The code sets the working directory, configuration directory location, and searches for the plugin.

The install script located in bin/elasticsearch-plugin runs the installation. When installing Elasticsearch plugins, the command requires the elasticsearch user while gosu elevates the privileges.

2. Save the Dockerfile and close the editor.

3. Build the image using either docker build or docker-compose.

docker-compose build plugin install terminal output

The image build runs the Dockerfile commands and executes the installation.


Follow the steps below to install Logstash plugins.

1. Add the following code to the Dockerfile:

FROM sebp/elk

RUN gosu logstash bin/logstash-plugin install <plugin name>
dockerfile install logstash plugin logstash-input-twitter code

The Logstash plugins do not require a configuration directory. Install directly using the install script located in bin/logstash-plugin and replace <plugin name or link> with the plugin’s accurate information.

2. Save the contents and close the Dockerfile.

3. Run the build to install the plugin.

docker-compose build logstash plugin install terminal output

The installation information and resulting output show up at the end of the build log.


To install Kibana plugins, do the following:

1. Insert the following code at the end of the Dockerfile:

FROM sebp/elk

RUN gosu kibana bin/kibana-plugin install <plugin name or link>

The process is the same as with Logstash plugins. Exchange <plugin name or link> for an actual plugin name or link.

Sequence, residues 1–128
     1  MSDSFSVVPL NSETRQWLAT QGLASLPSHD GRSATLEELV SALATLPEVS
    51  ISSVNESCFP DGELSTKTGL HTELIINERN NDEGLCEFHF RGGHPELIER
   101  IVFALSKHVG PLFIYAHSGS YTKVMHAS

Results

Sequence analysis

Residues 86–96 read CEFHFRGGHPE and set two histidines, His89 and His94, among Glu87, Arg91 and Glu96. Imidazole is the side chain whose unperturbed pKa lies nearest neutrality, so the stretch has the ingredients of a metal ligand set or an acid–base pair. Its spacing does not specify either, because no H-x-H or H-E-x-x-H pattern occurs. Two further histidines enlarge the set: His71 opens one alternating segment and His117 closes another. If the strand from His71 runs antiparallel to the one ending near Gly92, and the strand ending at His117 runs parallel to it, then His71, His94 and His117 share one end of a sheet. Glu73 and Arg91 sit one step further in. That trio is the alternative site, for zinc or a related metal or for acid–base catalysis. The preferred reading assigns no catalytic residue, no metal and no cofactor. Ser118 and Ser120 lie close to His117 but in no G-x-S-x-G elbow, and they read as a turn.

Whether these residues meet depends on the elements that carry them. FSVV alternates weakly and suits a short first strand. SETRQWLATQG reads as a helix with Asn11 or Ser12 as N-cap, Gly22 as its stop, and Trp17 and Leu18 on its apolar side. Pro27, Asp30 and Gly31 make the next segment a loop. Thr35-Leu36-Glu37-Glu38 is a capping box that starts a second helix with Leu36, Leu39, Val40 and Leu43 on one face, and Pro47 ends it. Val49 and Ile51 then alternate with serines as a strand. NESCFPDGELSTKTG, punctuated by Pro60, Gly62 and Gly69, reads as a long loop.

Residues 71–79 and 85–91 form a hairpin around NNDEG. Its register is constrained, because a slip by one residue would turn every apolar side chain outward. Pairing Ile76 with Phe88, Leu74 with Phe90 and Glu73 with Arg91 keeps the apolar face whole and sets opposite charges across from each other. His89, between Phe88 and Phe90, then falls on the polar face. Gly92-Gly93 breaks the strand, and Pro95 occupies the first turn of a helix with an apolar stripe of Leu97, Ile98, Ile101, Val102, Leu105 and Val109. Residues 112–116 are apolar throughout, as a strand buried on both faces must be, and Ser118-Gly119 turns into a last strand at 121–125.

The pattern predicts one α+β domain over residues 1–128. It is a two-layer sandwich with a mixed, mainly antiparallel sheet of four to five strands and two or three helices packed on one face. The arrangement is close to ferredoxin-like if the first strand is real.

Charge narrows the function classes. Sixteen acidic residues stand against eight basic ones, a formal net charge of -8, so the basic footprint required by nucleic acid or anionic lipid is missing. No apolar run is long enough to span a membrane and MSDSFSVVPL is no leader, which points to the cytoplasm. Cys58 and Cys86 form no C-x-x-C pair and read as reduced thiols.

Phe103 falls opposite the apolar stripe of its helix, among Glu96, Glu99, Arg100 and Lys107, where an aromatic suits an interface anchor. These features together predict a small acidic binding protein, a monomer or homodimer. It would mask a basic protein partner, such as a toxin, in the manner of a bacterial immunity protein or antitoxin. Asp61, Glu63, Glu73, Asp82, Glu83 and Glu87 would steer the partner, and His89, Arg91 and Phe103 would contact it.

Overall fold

2. Save the file and close.

3. Build the Docker image and check the output for the installation results.

The command automatically searches for the plugin and installs it with the kibana-plugin script.

Running the ELK Container

There are two ways to run the ELK container:

1. From the image through the docker run command.

2. Using Docker compose.

Below are the commands and explanations for both cases.

From the Image via Command

To start the whole ELK stack container via docker run, use the following:

sudo docker run -p 5601:5601 -p 9200:9200 -p 5044:5044 -it --name elk sebp/elk
sudo docker run elk stack terminal output

The command publishes the following ports:

  • 5601 serves the Kibana web interface.
  • 9200 for Elasticsearch JSON interface.
  • 5044 for Logstash Beats interface.

The three ports are necessary for the stack to work correctly. Additionally, the following ports are exposed but not published:

  • 9300 for the transport interface of Elasticsearch (expose with -p 9300:9300).
  • 9600 for the Logstash monitoring API (expose with -p 9600:9600).

Access the Kibana web interface with:

Kibana web interface landing page

Replace <host> with the hostname or IP of Docker’s host. If running a local version, use localhost.

Using Docker Compose

To run the ELK container with Docker compose, use:

sudo docker-compose up elk
sudo docker-compose up elk stack

The port mapping is in the docker-compose.yml file. Access Kibana from the web browser with:


Use localhost if running Docker locally.

Running Individual Services

The following environment variables allow running ELK services individually instead of the whole stack:


Setting the variables to anything other than one (1) does not start the service.

For example, to start Elasticsearch without Logstash and Kibana, use:

sudo docker run -p 5601:5601 -p 9200:9200 -p 5044:5044 -it -e LOGSTASH_START=0 -e KIBANA_START=0 --name elk sebp/elk

Check that Elasticsearch is running with a curl request:

curl localhost:9200
curl localhost 9200 elastic response

The Kibana dashboard page (localhost:5601) does not display because the service is not running.


After following the steps from this guide, you’ve installed and run the ELK stack on Docker!

Next, check out how to deploy Elasticsearch on Kubernetes.